NEW ORLEANS — For the first time since its inception, the New Orleans Jazz and Heritage Festival — Jazzfest as it is known to the world — has been canceled.
Organizers had earlier postponed the two-week festival that unfolds in the last week of April and first week of May, but Thursday announced the days of music, food and crafts would not be held in 2020 due to the pandemic outbreak of COVID-19, the disease caused by the novel coronavirus.
Jazzfest traditionally draws more than 500,000 people to its outdoor stages erected inside the racetrack at the Louisiana Fairgrounds. The show has gone on through fires and severe weather, but the respiratory virus proved too much to overcome, especially as New Orleans is reeling from its late February Mardi Gras celebration that experts believe circulated the coronavirus widely.
“It takes something truly momentous to interrupt a 50-year New Orleans tradition as special as the Festival, but we feel strongly that the most prudent course right now is to allow more time for the situation to stabilize,” the festival’s producers’ statement read. “We thank everyone for their patience as we have considered all of the matters necessary to making this difficult decision.”
Jazzfest began as a small event, showcasing legendary New Orleans musicians such as Professor Longhair, and eventually would become a familiar event for the city’s stars such as Dr. John, Allen Touissant, the Neville Brothers and, currently, Trombone Shorty who traditionally presents the final show.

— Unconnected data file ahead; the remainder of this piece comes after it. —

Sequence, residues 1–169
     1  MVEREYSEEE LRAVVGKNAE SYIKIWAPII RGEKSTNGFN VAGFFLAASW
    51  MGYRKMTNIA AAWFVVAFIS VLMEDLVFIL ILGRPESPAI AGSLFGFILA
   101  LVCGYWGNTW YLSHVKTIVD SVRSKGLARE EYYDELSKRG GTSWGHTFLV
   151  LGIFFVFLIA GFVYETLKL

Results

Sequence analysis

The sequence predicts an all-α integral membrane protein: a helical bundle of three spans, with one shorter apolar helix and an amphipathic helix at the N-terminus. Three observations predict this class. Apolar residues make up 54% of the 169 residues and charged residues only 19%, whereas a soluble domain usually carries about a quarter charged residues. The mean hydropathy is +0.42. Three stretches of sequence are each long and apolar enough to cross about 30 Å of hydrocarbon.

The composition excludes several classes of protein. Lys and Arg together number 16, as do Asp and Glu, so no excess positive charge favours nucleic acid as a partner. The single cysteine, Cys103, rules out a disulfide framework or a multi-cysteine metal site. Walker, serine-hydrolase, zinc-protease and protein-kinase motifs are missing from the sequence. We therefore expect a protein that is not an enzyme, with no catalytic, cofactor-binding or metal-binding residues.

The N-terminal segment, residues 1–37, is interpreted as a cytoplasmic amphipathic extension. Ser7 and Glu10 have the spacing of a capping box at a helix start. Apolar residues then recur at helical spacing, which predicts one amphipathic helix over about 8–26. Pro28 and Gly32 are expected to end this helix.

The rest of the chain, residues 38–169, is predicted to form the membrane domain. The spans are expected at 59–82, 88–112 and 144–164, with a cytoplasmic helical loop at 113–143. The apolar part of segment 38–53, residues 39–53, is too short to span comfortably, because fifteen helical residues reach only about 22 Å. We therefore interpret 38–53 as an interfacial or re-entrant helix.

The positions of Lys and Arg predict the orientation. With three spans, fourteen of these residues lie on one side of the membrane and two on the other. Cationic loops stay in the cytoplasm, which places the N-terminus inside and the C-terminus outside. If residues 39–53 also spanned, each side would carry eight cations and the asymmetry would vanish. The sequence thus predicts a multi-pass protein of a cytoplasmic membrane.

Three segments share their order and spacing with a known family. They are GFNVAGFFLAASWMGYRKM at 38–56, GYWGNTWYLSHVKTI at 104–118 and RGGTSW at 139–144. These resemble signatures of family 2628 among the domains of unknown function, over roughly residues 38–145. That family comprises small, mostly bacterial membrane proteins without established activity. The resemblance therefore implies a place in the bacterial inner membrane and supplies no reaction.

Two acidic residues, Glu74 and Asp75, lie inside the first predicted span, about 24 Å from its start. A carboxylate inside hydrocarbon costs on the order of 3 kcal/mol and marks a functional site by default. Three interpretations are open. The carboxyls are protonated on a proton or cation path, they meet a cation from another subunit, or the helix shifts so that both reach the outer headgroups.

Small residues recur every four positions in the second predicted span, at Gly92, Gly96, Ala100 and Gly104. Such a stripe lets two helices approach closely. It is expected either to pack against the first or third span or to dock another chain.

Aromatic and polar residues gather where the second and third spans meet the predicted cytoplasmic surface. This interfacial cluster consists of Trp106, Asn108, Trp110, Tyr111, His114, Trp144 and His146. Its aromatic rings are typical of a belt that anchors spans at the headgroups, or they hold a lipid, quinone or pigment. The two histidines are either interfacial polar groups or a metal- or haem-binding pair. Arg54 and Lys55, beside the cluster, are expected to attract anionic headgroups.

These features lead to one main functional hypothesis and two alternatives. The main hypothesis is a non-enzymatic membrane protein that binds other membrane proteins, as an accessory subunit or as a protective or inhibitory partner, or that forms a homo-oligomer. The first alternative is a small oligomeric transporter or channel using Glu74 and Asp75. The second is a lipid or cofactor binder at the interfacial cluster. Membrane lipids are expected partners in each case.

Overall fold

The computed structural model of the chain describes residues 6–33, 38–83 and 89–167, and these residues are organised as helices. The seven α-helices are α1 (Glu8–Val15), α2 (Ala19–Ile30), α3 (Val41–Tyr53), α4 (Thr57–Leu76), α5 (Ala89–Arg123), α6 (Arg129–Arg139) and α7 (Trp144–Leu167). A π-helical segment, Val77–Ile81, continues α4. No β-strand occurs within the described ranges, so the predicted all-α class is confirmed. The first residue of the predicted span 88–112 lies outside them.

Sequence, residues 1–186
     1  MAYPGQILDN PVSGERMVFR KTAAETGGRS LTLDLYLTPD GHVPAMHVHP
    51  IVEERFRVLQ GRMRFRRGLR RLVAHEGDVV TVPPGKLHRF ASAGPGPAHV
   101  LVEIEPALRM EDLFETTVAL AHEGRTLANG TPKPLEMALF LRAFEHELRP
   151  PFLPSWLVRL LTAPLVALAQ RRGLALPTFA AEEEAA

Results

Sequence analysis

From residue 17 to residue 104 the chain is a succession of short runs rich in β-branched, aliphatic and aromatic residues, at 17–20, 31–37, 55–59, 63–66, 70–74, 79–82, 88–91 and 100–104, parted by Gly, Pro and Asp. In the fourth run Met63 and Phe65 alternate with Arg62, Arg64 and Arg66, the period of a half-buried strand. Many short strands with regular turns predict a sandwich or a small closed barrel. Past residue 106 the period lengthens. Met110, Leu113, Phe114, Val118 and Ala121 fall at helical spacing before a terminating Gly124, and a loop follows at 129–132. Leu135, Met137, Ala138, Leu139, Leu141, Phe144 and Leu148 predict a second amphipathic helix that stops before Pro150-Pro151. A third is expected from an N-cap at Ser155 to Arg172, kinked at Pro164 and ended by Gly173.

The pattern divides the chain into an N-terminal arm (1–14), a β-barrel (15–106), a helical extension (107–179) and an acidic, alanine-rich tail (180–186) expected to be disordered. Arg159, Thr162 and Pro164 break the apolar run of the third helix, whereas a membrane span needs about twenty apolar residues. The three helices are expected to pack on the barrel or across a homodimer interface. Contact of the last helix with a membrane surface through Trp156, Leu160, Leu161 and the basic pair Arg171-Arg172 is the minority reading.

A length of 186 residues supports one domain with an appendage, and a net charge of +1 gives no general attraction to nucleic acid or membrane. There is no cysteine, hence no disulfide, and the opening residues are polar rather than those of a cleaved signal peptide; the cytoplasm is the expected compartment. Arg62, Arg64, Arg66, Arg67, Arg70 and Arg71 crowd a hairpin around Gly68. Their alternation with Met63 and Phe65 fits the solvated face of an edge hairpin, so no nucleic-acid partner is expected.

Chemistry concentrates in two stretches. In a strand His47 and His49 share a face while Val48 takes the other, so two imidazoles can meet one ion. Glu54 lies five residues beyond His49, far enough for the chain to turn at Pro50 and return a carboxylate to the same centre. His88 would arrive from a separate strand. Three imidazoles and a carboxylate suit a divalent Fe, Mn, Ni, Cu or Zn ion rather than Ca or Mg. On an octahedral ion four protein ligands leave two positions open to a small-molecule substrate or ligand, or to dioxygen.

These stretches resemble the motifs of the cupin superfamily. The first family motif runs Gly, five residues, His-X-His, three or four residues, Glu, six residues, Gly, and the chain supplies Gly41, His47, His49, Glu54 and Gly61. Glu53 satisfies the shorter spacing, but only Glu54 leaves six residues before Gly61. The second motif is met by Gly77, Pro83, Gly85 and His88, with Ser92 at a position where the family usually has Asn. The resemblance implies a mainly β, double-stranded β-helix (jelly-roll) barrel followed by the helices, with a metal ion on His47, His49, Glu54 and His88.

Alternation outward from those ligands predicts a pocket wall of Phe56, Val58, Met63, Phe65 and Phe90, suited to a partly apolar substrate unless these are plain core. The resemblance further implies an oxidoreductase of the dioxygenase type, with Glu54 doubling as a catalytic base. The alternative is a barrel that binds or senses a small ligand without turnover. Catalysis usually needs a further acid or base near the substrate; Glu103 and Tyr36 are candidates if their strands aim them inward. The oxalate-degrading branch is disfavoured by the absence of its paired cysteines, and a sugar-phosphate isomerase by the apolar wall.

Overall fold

But it grew internationally, too, and many of the world’s top musical acts have appeared there at one time or another. Bruce Springsteen had a famous appearance after New Orleans was wrecked by Hurricane Katrina, and Bob Dylan has given memorable performances. The Rolling Stones had to cancel an unprecedented concert scheduled in 2019.
This year’s slated lineup included The Beach Boys, The Who, Stevie Nicks and other international stars. Tickets already purchased will be good for the 2021 Jazzfest, producers said.
During its half-century, Jazzfest has become the second most important event economically for New Orleans, its eight days topped only by the three weeks that comprise Carnival leading up to Mardi Gras.
This week, Mayor LaToya Cantrell said she believes New Orleans, which depends heavily on major tourist events and a steady stream of conferences, should not host any major events for the remainder of 2020.
Her declaration immediately triggered speculation about what the New Orleans Saints, whose football season towers over the city’s fall and early winter schedule, might do and if the Superdome would be open. Professional sports leagues such as the NFL and Major League Baseball are grappling with how to put on a season with much of the country in shutdown mode and practicing social distancing.
Immediately after Ms. Cantrell made her recommendation Tuesday, the Essence Festival announced it would not be held in 2020, wiping out one of the premier African American annual events in the U.S.
• James Varney can be reached at email@example.com.
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